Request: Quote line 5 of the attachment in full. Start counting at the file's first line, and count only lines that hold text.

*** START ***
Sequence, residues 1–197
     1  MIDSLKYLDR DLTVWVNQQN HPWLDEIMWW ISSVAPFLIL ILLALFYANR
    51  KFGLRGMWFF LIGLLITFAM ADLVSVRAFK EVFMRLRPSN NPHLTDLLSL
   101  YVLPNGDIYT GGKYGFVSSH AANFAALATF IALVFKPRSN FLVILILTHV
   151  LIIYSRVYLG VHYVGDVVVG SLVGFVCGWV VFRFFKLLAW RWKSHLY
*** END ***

   151  LIIYSRVYLG VHYVGDVVVG SLVGFVCGWV VFRFFKLLAW RWKSHLY